The following is excerpted from the new material in John’s revised edition of The Gospel According to Jesus (Zondervan, 2008).
Understood correctly, the gospel is an invitation to slavery. When we call people to faith in Christ, we need to stress that fact in the same way Jesus did. On the one hand, the gospel is a proclamation of freedom to sin’s captives and liberty to people who are broken by the bondage of sin’s power over them. On the other hand, it is a summons to a whole different kind of slavery: “Having been freed from sin, you became slaves of righteousness” (Romans 6:18). As the apostle Peter wrote, “Act as free men, and do not use your freedom as a covering for evil, but use it as bondslaves of God” (1 Peter 2:16).
Both sides of the equation are vital. There is a glorious freedom in being the slaves of Christ, because “if the Son makes you free, you will be free indeed” (John 8:36). On the other hand, being a true follower of Christ means the end of human autonomy. And that is as it should be, because self-determination turns out to be nothing more than an illusion anyway. The only kind of liberty it offers is “free[dom] in regard to righteousness” (Romans 6:20)—and that is the very essence of bondage to sin. Its inevitable end is death and destruction. If we want true liberty from sin and all its fruits, it’s not autonomy that we need, but a different kind of bondage: complete surrender to the lordship of Christ.
In other words, everyone serves some master. No one is truly independent and self-governing. We are all enslaved in one way or the other. In the words of the apostle Paul:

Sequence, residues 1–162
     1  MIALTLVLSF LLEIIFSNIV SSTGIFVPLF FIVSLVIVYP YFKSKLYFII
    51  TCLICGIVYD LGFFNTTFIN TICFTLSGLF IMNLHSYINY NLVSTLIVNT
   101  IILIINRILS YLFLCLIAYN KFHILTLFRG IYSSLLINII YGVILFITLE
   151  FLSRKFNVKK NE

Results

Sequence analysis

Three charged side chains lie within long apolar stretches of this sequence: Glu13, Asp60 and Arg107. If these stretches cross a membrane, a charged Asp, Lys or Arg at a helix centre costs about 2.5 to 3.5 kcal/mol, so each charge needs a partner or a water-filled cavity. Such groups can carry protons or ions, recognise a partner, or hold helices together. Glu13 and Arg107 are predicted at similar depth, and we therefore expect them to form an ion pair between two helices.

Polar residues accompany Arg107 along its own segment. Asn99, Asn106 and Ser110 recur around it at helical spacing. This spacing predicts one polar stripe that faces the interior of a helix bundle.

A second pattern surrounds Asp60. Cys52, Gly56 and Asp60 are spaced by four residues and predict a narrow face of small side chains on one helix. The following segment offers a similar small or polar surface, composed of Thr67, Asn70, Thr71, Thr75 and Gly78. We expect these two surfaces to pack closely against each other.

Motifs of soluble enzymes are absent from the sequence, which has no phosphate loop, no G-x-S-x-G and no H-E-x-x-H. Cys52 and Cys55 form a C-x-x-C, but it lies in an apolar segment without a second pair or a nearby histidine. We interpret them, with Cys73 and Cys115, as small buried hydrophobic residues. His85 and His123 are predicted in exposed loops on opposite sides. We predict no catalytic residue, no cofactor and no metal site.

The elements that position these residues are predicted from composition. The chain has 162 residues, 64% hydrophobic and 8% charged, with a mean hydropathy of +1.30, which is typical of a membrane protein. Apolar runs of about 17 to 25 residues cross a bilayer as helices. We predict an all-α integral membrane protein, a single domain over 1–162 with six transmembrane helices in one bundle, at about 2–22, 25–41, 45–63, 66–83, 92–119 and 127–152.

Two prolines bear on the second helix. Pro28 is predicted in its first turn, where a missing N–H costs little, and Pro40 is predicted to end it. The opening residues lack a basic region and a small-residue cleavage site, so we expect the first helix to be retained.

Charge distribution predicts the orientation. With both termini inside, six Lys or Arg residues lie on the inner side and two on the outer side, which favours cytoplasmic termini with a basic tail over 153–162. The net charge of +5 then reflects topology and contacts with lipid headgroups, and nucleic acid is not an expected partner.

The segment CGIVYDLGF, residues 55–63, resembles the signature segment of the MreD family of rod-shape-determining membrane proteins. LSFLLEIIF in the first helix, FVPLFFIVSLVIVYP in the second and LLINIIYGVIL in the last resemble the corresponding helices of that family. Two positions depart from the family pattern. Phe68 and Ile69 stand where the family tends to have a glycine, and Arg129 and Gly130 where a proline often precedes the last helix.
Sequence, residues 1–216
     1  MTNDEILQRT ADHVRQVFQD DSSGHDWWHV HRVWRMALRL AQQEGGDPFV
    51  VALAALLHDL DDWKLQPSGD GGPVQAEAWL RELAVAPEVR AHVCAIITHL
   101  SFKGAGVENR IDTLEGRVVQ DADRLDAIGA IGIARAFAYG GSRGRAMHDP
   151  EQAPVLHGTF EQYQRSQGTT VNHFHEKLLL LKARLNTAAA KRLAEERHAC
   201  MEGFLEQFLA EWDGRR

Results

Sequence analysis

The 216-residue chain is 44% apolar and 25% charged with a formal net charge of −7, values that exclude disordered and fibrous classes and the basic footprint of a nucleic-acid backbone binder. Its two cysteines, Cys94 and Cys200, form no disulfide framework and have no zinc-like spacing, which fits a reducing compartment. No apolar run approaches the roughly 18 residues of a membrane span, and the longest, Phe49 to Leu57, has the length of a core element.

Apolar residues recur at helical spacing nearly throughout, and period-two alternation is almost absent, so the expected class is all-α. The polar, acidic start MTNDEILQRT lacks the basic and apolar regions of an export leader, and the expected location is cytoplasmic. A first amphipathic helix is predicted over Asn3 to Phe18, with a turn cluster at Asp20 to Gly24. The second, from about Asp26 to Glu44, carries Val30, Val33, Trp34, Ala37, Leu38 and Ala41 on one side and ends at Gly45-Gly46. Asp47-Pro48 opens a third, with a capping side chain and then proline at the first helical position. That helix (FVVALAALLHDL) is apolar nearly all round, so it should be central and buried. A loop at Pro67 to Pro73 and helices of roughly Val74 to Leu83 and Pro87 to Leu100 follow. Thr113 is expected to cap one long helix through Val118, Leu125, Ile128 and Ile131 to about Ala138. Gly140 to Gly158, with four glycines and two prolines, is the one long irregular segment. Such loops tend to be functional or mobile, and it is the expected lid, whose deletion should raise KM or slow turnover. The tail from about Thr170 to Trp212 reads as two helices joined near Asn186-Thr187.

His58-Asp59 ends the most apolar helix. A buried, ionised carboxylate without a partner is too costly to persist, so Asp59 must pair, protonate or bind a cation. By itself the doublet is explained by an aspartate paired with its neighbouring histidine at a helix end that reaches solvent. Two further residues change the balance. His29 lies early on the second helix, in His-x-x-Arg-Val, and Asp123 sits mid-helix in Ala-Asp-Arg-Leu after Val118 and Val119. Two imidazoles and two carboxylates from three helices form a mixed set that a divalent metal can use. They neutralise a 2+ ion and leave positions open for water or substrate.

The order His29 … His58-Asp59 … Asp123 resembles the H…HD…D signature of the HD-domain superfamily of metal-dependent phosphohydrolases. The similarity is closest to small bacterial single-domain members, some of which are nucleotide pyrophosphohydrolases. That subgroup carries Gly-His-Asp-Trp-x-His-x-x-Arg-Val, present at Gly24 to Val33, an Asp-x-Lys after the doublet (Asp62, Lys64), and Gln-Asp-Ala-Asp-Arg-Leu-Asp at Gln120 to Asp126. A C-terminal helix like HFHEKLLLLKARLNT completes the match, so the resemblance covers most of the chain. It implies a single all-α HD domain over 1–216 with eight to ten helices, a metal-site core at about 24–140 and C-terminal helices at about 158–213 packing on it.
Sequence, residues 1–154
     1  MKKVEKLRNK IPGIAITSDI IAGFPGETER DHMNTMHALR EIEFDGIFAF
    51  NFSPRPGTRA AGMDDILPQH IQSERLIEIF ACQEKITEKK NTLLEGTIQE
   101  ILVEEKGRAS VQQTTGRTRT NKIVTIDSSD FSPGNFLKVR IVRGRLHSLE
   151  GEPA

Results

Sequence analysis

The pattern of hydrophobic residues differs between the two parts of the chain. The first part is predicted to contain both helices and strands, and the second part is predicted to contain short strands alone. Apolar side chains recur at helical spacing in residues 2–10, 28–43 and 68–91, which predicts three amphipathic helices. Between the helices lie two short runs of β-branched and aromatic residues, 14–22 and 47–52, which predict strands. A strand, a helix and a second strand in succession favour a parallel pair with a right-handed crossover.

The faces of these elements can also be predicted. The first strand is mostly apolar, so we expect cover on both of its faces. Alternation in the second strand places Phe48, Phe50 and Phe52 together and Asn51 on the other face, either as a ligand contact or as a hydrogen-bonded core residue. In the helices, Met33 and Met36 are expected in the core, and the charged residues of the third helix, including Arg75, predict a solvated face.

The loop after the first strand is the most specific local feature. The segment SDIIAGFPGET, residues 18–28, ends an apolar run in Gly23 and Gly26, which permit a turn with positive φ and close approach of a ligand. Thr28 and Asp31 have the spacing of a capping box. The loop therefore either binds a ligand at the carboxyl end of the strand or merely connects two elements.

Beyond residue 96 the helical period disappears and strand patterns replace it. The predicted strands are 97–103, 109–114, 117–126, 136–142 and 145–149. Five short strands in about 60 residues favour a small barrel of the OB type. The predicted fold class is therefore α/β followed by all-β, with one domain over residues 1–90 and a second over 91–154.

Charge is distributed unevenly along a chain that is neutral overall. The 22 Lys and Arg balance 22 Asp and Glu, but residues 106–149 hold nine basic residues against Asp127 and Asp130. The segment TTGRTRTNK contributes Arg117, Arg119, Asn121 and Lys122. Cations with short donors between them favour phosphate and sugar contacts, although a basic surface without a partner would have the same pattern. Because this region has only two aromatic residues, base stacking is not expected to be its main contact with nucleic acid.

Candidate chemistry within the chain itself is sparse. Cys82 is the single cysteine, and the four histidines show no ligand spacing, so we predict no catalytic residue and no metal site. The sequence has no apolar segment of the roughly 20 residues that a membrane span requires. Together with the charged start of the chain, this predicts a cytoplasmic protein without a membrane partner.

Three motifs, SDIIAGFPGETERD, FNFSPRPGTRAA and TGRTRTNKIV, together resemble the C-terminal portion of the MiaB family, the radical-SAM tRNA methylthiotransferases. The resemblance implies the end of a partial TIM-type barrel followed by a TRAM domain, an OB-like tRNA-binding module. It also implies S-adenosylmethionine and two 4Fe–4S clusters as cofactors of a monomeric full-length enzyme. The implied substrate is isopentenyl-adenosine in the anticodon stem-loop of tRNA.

Do you not know that when you present yourselves to someone as slaves for obedience, you are slaves of the one whom you obey, either of sin resulting in death, or of obedience resulting in righteousness? But thanks be to God that though you were slaves of sin, you became obedient from the heart to that form of teaching to which you were committed, and having been freed from sin, you became slaves of righteousness. I am speaking in human terms because of the weakness of your flesh. For just as you presented your members as slaves to impurity and to lawlessness, resulting in further lawlessness, so now present your members as slaves to righteousness, resulting in sanctification. For when you were slaves of sin, you were free in regard to righteousness. (Romans 6:16-21)
No message can rightly be called the gospel if it glosses over or denies those truths. The gospel according to Jesus calls sinners to give up their independence, deny themselves, submit to an alien will, and abandon all rights in order to be owned by and controlled by the Lord. By confessing Jesus as Lord (Kurios), we automatically confess that we are His slaves (douloi).
What does this mean in practical terms? To borrow the words of Edwin Yamauchi,
It means that we have been captured, beaten, and enslaved. We discover, however, that our captor is a Despot of love and mercy. Neither is there anything slavish or servile about our slavehood, for we have not received the spirit of bondage again to fear but the spirit of adoption (Romans 8:15). Nor has our reduction to slavery been a debasement or an abasement. . . . We have been elevated to serve in a heavenly court and have been invested with a higher nature.
. . . [It also] reminds us of our ransom from another master at an incredible price. It was not with the fabulous sums of all the royal estates we were bought, nor was it for handsome features or some prized skill we were purchased. But rather unlovely, without any merit, rebellious at heart, we were redeemed with the precious blood of the Master Himself.
Having thus been bought by Christ we are entirely His.
There’s no other possible way to view it.